The Next Wave

An up-and-coming generation shares an active commitment to the Vineyard community and a passion for their work.

Alec Gale, 37, and Liz Davis Gale, 33, Vineyard Haven

Randi Baird

After many summers spent traveling to the Vineyard as a nanny, Liz Davis Gale realized that she had fallen for the Island lifestyle, hard. “I skipped my graduate school graduation to move here as soon as I’d finished my final exams,” she explains. Only a few months later, she found herself at a house party and fell hard, again – this time for fisherman and Island native Alec Gale – and today their two-year-old son, Riley, rounds out the family trio.

In her roles as a full-time medical social worker at the Martha’s Vineyard Hospital and as an emergency services clinician at Martha’s Vineyard Community Services, where she works with patients with acute mental illness, Liz supports the Island community every day. “As a crisis clinician, I have the privilege of advocating for one of the Island’s most vulnerable populations. Both jobs combined offer me a priceless perspective into what tough times really look like,” she says.

While Alec still works as a fisherman and mussel farmer, he now also runs the Menemsha Fish House, a dockside business that operates on an eat-local premise, connecting commercial outlets with locally caught fish. Though he readily appreciates the beauty of his “office,” Alec concedes that his work can be made challenging by the constraints of Island life. “Living here can make it tough when I need parts to fix my boat or I need to have something repaired. It’s often a logistical puzzle,” he says.

Originally from Natick, Liz occasionally misses the conveniences of mainland life too, but it’s a trade-off she’s willing to make. “Living on the Island makes it easier for me to differentiate between the things I want and the things I need. I also feel like there is a different value system here, one that supports and encourages simple living.”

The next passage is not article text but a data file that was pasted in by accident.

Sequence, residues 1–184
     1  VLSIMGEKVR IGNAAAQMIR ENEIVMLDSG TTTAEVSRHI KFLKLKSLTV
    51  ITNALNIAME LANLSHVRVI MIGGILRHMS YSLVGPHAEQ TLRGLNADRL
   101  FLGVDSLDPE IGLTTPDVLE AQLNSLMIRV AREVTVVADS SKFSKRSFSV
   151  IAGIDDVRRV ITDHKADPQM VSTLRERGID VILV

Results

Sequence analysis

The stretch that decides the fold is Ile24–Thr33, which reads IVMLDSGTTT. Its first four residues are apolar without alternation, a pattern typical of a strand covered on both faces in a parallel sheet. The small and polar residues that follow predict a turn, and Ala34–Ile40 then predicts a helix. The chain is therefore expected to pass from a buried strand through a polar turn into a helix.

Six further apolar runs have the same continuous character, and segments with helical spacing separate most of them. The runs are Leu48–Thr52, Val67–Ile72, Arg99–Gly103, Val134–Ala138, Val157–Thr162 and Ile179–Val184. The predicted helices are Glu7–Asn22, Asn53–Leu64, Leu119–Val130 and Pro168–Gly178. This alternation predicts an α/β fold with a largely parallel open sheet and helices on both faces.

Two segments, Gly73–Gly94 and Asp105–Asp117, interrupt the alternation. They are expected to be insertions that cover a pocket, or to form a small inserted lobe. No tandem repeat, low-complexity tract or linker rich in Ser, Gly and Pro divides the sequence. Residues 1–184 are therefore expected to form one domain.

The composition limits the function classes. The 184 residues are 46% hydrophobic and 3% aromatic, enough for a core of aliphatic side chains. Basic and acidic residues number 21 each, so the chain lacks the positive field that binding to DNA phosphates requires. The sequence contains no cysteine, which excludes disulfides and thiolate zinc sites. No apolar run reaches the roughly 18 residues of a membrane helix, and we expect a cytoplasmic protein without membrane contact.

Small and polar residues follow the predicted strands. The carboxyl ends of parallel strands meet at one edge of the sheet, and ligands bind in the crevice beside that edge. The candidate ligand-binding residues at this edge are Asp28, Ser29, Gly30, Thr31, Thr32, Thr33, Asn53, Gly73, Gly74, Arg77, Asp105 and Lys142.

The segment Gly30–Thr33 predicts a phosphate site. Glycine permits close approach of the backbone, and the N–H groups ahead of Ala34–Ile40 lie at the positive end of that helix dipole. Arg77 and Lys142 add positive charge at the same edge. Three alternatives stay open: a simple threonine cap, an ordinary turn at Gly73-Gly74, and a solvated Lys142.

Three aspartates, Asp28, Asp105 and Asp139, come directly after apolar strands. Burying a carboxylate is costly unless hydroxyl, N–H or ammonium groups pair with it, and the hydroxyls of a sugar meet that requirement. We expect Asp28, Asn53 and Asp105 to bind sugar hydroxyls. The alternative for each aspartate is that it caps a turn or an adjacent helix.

Brice Delhougne, 34, Edgartown

Randi Baird

Originally from Paris, France, Brice has always had a strong sense of wanderlust. “When I was sixteen years old, I thought to myself, ‘Where is the furthest place I can get to?’” His love of travel and desire to learn a skilled trade eventually led him into Les Compagnons Du Devoir, a highly respected European crafts apprenticeship that dates back to the Middle Ages. Young men and women tour France and Europe, studying with trade masters in various disciplines. Brice (pronounced Breece) worked and studied with the program for eight years. “The compagnonnage is an original way to learn a trade while developing character by experiencing community life and traveling,” Brice says. During one study period, he was assigned to work on a renewable energy project, and was immediately captivated by the experience and eager to become more involved.

After years of globe-trotting, Brice and his wife, Rebecca, who grew up outside of Boston and teaches at the Vineyard Montessori School in Vineyard Haven, decided to search for a place to “finally settle down.” They chose the Island after Brice landed a position as an energy analyst with South Mountain Company in West Tisbury. He consults with clients on ways to make their homes as energy efficient as possible.

“Many communities work to reduce their energy usage and build more efficient houses, but changes happen slowly and sometimes go unnoticed. We have the chance on the Island to attract more attention and make more of a difference,” says Brice.

Elizabeth Rothwell, 33, West Tisbury

Randi Baird